Comments about ‘Letter: Guests aren't crooks’

Return to article »

Published: Sunday, Sept. 8 2013 12:00 a.m. MDT

Comments
  • Oldest first
  • Newest first
  • Most recommended
Roland Kayser
Cottonwood Heights, UT

I just saw an interesting article in the business press. It seems that wages in China have risen to the point that Chinese corporations are importing illegal immigrants from Vietnam and Myanmar. If a country lives by cheap wages, it can also die by cheap wages.

Badgerbadger
Murray, UT

Well now, that is just too sensible. And it won't give the liberals more votes, so they will never go for it.

higv
Dietrich, ID

Where is the words innocent tell proven guilty found in the Constitution? Unless they are your very best friends how many guests have the right to walk into your home unannounced without knocking, Help themselves to the refrigerator, TV, Computer, tell you what to do basically and do what they want in your home.

Anyone is welcome in this country as long as they have proper visas, and are law abiding. I work with many of those type of people. It is nice if they follow the rule of law though. That is the issue people have is them overstaying there welcome and not being law abiding.

HaHaHaHa
Othello, WA

Idea sounds great on the surface, but I think your being a little naïve about how many "quests" will be showing up for dinner (as a figure of speech). If you leave it that wide open, you will get half the world coming our way. Second problem with your ideas, is the thought about requiring that kind of ID for voting. That will send the un-hinged nut-cakes on the left, completely over the edge!!!

William Gronberg
Payson, UT

Party crashers are not guests.

Gildas
LOGAN, UT

I saw an interesting sign in a business the other day: This employer e-verifies!

I hope to see that sign in many more businesses; these are the businesses I will patronize.

RichardB
Murray, UT

" If a guest wants to work, no one objects. "

That would require social security fraud, id theft, and perjury (i-9 forms). How about we enforce our current laws. border/e-verify/interior enforcement/more judges/visa entry-exit check.

Give away your job if you want, but don't give away your neighbors. It's not your right to give.

Thomas Sowell said: Let's go back to square one. The purpose of American immigration laws and policies is not to be either humane or inhumane to illegal immigrants. The purpose of immigration laws and policies is to serve the national interest of this country. There is no inherent right to come live in the United States, in disregard of whether the American people want you here. Nor does the passage of time confer any such right retroactively.

Ultra Bob
Cottonwood Heights, UT

The sentiment is great, but what do you do when the guests take the food from your table, then your table and your home?

Cheap foreign labor has done great harm to America’s working public. This would of course include both immigrates and the foreign labor as well. While being of great profit to business operations, American business is reluctant to share the bounty with working Americans.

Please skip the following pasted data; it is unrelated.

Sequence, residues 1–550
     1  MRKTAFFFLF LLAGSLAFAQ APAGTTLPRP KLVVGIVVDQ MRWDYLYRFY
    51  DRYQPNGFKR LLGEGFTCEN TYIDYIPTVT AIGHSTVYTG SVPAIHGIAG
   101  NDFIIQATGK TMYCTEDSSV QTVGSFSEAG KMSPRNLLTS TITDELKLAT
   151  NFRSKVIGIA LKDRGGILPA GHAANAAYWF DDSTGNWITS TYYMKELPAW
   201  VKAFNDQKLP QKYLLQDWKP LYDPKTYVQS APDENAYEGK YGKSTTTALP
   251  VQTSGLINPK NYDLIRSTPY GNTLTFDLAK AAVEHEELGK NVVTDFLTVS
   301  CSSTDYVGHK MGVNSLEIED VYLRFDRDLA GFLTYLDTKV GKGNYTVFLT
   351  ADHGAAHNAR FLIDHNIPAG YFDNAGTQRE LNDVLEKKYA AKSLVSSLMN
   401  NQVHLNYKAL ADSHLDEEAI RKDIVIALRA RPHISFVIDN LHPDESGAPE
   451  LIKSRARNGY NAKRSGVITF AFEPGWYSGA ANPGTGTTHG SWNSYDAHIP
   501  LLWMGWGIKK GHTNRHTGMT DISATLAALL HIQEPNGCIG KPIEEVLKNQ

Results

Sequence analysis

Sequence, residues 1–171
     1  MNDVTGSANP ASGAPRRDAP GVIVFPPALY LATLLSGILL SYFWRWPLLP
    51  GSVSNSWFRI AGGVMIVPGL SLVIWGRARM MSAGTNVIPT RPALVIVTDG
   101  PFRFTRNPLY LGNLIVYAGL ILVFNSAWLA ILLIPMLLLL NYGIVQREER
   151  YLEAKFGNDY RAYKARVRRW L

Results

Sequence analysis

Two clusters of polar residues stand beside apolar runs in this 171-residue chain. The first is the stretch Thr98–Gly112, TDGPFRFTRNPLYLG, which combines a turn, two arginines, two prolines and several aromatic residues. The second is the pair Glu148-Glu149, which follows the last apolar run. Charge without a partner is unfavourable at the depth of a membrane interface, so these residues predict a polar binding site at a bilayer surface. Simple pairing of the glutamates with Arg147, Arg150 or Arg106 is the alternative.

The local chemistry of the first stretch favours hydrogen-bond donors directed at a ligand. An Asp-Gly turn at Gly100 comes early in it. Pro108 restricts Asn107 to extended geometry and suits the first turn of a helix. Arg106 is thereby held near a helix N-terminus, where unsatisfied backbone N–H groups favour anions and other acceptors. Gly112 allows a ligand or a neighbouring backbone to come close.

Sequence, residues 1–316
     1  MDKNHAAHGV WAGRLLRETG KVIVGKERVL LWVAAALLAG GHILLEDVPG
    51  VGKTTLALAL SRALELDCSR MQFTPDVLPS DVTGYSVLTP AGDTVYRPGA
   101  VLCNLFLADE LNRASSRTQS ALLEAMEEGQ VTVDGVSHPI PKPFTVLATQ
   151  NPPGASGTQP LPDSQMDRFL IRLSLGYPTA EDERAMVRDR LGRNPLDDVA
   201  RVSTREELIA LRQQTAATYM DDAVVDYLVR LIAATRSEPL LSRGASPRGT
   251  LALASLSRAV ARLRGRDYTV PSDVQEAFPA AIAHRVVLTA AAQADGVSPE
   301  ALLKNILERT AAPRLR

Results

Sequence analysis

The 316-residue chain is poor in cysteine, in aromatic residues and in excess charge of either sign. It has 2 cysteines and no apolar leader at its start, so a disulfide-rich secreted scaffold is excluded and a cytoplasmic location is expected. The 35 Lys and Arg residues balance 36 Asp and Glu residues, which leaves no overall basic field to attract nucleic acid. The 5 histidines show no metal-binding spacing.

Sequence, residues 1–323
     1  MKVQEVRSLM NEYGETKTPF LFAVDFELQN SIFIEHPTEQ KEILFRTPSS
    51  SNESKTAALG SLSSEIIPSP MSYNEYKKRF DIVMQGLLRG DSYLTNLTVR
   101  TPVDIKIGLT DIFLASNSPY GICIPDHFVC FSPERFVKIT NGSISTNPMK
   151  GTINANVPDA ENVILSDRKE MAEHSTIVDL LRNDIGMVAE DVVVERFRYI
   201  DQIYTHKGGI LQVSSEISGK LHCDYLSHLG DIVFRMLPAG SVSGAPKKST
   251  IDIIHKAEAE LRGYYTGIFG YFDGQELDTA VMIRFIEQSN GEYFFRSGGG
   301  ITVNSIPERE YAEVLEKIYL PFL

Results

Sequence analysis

It’s not the fault of the immigrates or the foreign labor to want better lives, it’s the fault of businessmen who take advantage of the oppression of other nations.

wrz
Pheonix, AZ

Some good ideas there. Obviously, politicians such as Obama and his lackey , Holder will not round illegals up and send them home. Costs too much, they say.

So, they are here to stay. I say, don't give them citizenship, ever. Unless they are willing to go home and get in line. And maybe not even then since they are law breakers of US immigration laws. We wouldn't allow citizenship for those who break our illegal drug laws, would we? So, why make an exception for those who break our immigration laws?

There is only one fly in the ointment. Unless we stem the influx, millions will continue to come. We can't handle them. We don't have the room for the entire world to come here. The best and cheapest way to stop illegal immigration is to cut off the magnet the brings them here. And how do we do that? Take away employment. We strictly enforce E-Verify. And make it apply to all employers even down to a single employee. And make the penalty strong so it gets employers' attention. Like go to jail or have the assets of the company seized by the government.

RichardB
Murray, UT

Deporting 12 million, according to a government study done in 2007 by the Immigrations and Customs Enforcement agency put the cost at 94 billion. This is a one time cost, that does not include self deportation. The Federation for American Immigration Reform puts the cost of illegal immigration at $113 billion per year. When you add in the boost to our economy from putting millions of Americans back to work in non agriculture jobs, we can't afford not to.

rmk
South Jordan, UT

We could solve the whole issue by requiring all employers including those exempt in the senate bill which states employers with more less than 50 employees of which landscapers, sub contractors and hotels who hire the majority would be exempt because they have less than 50 employees, to e-verify. Guess don't come into your house, move in,eat your food, take your money and your job. Guest come into the country for a visit and then leave.

Demo Dave
Holladay, UT

Guests aren't guests unless they're invited or welcome. And yes, they are criminals. The first time they come here (uninvited), it's a misdemeanor. The second time, it's a felony. The writer should let these "guests" stay at his house.

george of the jungle
goshen, UT

It's a privilege to be a guest. If your not been privileged to be a guest than your not a guest but a trespasser.

to comment

DeseretNews.com encourages a civil dialogue among its readers. We welcome your thoughtful comments.
About comments